Target of the study was to predict the biomechanics of the instrumented and adjacent levels due to the insertion of the DIAM spinal stabilization system (Medtronic Ltd). For this purpose, a 3-dimensional finite element model of the intact L3/S1 segment was developed and subjected to different loading conditions (flexion, extension, lateral bending, axial rotation). The model was then instrumented at the L4/L5 level and the same loading conditions were reapplied. Within the assumptions of our model, the simulation results suggested that the implant caused a reduction in range of motion of the instrumented level by 17% in flexion and by 43% in extension, whereas at the adjacent levels, no significant changes were predicted. Numerical results in terms of intradiscal pressure, relative to the intact condition, predicted that the intervertebral disc at the instrumented level was unloaded by 27% in flexion, by 51% in extension, and by 6% in axial rotation, while no variations in pressure were caused by the device in lateral bending. At the adjacent levels, a change of relative intradiscal pressure was predicted in extension, both at the L3/L4 level, which resulted unloaded by 26% and at the L5/S1 level, unloaded by 8%. Furthermore, a reduction in terms of principal compressive stress in the annulus fibrosus of the L4/L5 instrumented level was predicted, as compared with the intact condition. These numerical predictions have to be regarded as a theoretical representation of the behavior of the spine, because any finite element model represents only a simplification of the real structure.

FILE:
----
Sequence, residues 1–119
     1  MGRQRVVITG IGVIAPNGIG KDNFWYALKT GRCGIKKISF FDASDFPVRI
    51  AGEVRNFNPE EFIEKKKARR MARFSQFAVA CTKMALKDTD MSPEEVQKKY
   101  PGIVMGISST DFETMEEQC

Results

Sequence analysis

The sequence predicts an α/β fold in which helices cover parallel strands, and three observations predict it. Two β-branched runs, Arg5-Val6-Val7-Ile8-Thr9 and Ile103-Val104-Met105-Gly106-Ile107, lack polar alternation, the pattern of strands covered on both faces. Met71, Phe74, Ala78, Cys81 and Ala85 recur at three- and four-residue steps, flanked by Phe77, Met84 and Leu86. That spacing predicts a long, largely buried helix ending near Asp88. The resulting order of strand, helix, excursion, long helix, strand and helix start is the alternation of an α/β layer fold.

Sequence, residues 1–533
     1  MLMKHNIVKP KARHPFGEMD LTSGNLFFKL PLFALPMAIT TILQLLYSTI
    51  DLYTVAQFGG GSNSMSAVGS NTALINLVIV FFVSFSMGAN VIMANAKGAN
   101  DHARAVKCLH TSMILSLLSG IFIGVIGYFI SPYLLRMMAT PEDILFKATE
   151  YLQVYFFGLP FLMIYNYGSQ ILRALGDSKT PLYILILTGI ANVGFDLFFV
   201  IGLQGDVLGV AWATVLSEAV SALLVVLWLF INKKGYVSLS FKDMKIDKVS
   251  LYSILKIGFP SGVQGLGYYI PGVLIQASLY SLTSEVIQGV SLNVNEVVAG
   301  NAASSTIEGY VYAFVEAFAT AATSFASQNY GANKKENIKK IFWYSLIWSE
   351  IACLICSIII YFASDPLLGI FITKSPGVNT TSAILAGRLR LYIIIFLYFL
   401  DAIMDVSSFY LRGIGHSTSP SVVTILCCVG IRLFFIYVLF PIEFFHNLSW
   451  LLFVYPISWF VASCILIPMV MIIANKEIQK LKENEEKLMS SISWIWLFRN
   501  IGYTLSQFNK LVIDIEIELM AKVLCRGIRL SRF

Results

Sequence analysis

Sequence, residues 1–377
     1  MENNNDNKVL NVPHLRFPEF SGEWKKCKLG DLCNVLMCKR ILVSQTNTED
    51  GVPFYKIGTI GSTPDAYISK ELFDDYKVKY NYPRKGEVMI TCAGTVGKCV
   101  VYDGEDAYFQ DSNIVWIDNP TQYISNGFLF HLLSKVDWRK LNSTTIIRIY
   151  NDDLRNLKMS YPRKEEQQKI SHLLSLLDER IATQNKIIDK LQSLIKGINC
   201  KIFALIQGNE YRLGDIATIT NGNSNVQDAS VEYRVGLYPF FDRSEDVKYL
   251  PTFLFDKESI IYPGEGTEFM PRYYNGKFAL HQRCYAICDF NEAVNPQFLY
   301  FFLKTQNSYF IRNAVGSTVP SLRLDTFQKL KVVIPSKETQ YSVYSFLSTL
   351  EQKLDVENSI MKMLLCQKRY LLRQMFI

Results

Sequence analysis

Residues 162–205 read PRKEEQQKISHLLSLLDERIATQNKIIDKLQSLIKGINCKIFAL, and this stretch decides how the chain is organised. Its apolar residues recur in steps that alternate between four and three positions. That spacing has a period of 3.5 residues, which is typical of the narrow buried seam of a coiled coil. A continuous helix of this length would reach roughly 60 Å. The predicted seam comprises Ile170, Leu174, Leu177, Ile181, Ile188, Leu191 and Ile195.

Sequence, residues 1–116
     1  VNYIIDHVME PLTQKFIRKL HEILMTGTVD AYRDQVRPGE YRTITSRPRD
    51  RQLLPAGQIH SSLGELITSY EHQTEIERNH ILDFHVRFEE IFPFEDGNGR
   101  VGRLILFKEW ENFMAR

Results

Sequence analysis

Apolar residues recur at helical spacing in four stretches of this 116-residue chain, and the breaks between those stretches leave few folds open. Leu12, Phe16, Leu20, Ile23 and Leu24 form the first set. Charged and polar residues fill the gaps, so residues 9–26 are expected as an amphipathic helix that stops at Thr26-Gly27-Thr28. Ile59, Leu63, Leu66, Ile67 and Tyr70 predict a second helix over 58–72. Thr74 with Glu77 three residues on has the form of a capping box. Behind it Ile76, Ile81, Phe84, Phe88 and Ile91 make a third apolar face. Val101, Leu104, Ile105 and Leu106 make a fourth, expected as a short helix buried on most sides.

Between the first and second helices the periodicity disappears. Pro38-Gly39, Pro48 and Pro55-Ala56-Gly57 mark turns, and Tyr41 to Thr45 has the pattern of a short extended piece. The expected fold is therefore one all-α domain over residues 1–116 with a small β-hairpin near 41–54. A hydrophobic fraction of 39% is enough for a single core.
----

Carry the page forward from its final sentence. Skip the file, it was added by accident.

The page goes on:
Biomechanics of the lumbar spine after dynamic stabilization

BELLINI, CHIARA MARIA;GALBUSERA, FABIO;RAIMONDI, MANUELA TERESA;
2007

Abstract

Target of the study was to predict the biomechanics of the instrumented and adjacent levels due to the insertion of the DIAM spinal stabilization system (Medtronic Ltd). For this purpose, a 3-dimensional finite element model of the intact L3/S1 segment was developed and subjected to different loading conditions (flexion, extension, lateral bending, axial rotation). The model was then instrumented at the L4/L5 level and the same loading conditions were reapplied. Within the assumptions of our model, the simulation results suggested that the implant caused a reduction in range of motion of the instrumented level by 17% in flexion and by 43% in extension, whereas at the adjacent levels, no significant changes were predicted. Numerical results in terms of intradiscal pressure, relative to the intact condition, predicted that the intervertebral disc at the instrumented level was unloaded by 27% in flexion, by 51% in extension, and by 6% in axial rotation, while no variations in pressure were caused by the device in lateral bending. At the adjacent levels, a change of relative intradiscal pressure was predicted in extension, both at the L3/L4 level, which resulted unloaded by 26% and at the L5/S1 level, unloaded by 8%. Furthermore, a reduction in terms of principal compressive stress in the annulus fibrosus of the L4/L5 instrumented level was predicted, as compared with the intact condition. These numerical predictions have to be regarded as a theoretical representation of the behavior of the spine, because any finite element model represents only a simplification of the real structure.
JOURNAL OF SPINAL DISORDERS & TECHNIQUES
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Utilizza questo identificativo per citare o creare un link a questo documento: http://hdl.handle.net/11311/519839
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